I submit that suppression effects make it difficult to respond to your opponent by trying to make us feel the confusion of a violent encounter. The effect on screen makes it more difficult to respond in lieu of an actual physical or psychological stimulus. It is the true cost of being suppressed in the game. If we could continue to do what we were doing with full effect, there would be no cost. We could safely ignore it.
    sadly, this game doesn't have that cracking sound of accurate gunfire passing by you (well it was there in the early beta almost 2 years ago but it was removed for some reason...) that is what the game needs, not screen blur.
    -
    if some enemy is shooting in my general direction or deploying ordnance in my ao, it is my job to grow a sack and return fire and hold the line and protect my men before things get worse.
    -
    this game forces me to wait out the screen effects imposed on me that are not even capable of harming me (i am behind complete cover), which means i am unable to do my job. unable to hold that line. automatic forfeit. unacceptable.
    -
    if i don't wait for the effects to subside then i am inflicted with god awful blinding blur. it does not represent my combat effectiveness at all. my eye sight and my brain should be working. that is the moment which all your training has prepared you for. and this game totally misses the mark in capturing that moment. undeniably so.
    -
    keebler, you of all people should know, since i've seen you discuss muscle memory and reflexes and such when firing at a range irl. ....none of these screen effects are immersive or representative of what your eyes or brain and reflexes and training prepares you to overcome loss of focus. the screen blur ruins that moment completely.
    -
    what i want is to be suppressed with cracking sound of bullets nearly hitting me, (not loss of eye sight) to increase my adrenaline and heighten my focus even further. not the opposite.
    -
    and explosions (and my own weapon firing) should give my ears a ring but should not render me deaf. this is not immersive or realistic. you of all people should know that. me too. i mean how nonsensical would it be to believe that firing from an Abrams tank would render it's own crew deaf and unable to communicate firing orders, right? i mean it is loud, but not deafening to the point of becoming combat ineffective. but this game simulates this hdr where you become deaf to your surrounding as you fire your own weapon? a soldier so deaf from his own gunfire that he can't hear the firing orders coming from his superiors? is that what you are advocating? because that is what we're seeing in this opt-in right now with the HDR.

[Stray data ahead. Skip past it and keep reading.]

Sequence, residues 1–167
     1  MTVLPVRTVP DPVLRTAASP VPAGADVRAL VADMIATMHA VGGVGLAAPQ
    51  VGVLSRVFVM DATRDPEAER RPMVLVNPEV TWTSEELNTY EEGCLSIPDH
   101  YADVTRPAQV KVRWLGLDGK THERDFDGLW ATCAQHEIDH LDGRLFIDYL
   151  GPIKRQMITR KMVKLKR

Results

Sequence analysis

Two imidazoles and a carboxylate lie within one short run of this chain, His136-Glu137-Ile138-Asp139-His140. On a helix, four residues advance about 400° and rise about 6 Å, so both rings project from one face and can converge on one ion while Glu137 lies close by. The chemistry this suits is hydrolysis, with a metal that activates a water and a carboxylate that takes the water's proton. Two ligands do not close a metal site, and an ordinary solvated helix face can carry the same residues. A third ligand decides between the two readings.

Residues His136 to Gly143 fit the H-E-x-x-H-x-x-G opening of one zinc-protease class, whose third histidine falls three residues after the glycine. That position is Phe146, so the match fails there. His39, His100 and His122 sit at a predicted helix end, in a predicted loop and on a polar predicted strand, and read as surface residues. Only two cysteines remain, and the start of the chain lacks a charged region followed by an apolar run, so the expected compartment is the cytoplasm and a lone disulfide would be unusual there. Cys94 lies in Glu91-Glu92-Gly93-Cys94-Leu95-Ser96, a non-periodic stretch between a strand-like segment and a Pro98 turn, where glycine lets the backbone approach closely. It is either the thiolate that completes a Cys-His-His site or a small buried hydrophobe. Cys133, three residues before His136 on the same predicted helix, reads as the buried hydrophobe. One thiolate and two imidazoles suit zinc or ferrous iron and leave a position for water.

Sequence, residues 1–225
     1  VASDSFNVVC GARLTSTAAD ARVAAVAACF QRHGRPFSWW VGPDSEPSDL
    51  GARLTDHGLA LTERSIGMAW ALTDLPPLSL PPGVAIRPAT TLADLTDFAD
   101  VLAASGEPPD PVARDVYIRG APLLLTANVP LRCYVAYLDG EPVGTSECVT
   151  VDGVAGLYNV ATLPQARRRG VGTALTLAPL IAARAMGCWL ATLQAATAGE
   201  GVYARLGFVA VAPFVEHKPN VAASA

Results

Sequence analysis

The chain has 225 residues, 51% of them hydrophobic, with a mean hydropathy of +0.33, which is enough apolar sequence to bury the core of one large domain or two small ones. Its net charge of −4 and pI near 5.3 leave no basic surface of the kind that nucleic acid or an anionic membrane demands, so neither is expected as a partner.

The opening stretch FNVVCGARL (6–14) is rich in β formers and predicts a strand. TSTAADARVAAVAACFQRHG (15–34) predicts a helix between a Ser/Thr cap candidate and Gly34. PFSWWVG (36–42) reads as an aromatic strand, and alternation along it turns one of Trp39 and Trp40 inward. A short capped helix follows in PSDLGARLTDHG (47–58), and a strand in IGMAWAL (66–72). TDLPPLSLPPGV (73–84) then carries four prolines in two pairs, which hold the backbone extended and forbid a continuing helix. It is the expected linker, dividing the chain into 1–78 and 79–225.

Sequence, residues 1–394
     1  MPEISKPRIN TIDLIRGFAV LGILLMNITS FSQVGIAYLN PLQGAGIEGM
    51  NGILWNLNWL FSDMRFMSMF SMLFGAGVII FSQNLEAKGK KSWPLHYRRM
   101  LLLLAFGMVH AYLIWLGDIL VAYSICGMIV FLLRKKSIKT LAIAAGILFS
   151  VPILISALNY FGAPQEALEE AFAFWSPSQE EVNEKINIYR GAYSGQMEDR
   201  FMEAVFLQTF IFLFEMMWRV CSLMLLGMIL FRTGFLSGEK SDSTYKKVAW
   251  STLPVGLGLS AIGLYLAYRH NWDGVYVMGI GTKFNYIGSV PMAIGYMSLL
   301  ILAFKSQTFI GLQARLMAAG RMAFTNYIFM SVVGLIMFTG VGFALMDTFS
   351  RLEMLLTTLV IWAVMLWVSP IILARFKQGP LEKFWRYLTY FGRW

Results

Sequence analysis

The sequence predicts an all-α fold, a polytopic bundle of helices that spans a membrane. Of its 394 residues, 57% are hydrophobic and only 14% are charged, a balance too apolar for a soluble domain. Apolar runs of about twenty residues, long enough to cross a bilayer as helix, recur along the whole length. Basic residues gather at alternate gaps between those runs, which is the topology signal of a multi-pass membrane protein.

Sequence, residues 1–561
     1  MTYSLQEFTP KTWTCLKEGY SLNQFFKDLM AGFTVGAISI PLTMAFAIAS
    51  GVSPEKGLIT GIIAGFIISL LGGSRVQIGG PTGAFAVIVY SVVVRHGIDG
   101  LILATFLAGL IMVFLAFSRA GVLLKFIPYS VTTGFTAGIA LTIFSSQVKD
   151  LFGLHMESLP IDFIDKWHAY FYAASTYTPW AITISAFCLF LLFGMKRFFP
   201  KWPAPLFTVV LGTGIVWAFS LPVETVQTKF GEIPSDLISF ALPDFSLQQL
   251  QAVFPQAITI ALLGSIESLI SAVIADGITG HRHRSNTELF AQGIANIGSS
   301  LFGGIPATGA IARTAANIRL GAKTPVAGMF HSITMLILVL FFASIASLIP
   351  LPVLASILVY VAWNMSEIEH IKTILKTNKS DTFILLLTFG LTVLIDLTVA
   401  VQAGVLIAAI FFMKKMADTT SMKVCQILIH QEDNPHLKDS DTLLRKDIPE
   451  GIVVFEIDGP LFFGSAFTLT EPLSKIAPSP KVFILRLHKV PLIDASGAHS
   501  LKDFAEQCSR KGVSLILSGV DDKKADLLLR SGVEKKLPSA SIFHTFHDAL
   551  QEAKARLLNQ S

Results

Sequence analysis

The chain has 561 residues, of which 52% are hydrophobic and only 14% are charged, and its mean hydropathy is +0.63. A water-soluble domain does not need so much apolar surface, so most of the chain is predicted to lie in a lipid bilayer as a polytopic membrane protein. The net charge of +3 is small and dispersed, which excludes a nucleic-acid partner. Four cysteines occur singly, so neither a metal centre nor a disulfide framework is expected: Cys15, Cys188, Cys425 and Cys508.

-
    in game, my enemy should not get a massive advantage over me and my team simply by unskillfully fragging or firing in my general area with no chance of even harming me, but rather just to inflict a blur on my screen, just knowing the screen effects are so bad and lengthy it will severely handicap my response, and allow them to capitalize on my ineffectiveness for that time period, take my skills and training out of the equation, and render me an ineffective combatant.
    -
    i'm all for flashbangs filling this role (rendering the target ineffective), but in general all the other stuff filling this role is just out of control, unrealistic, uncharacteristic, and completely out of place.
  • -syk.cj^-syk.cj^ Posts: 4Player
    edited April 2015
    It seems like many people here have their own view of what immersion is, at least in this game. For me, control of movement and sound feedback are most important. Screen shaking or haziness has no effect on the game's immersion for me, but it shows an effort the devs are doing to make the game more realistic.

    It is a game. There is only so much realism you can do. Suppression so far is on point, don't try to remove it (the effects so far are fine). Its not like in "real life" you are suppressed and decide f*** it, I'm getting out of cover and rambo'in all you b***es. Instead of being rambo, you use comms, then your teammate understands and then tries to draw fire away from you allowing you to shoot back or rush.

    As for nades, again, relatively on point. If you are near a nade when it goes off, you will have your screen shake and hear ringing. Isn't that what is supposed to happen? Be thankful you are not dead. Now scramble for cover and heal yourself.

    Oh and I agree with Uni-Sol. Somewhat.
    Don't like it? Go play COD or CS:GO, its much easier. If you think AA2 was the last great AA game, go build a time machine and go back in time when people are still playing aa2. Also probably invest in certain stocks or pick certain lottery numbers. Increase dat quality of life.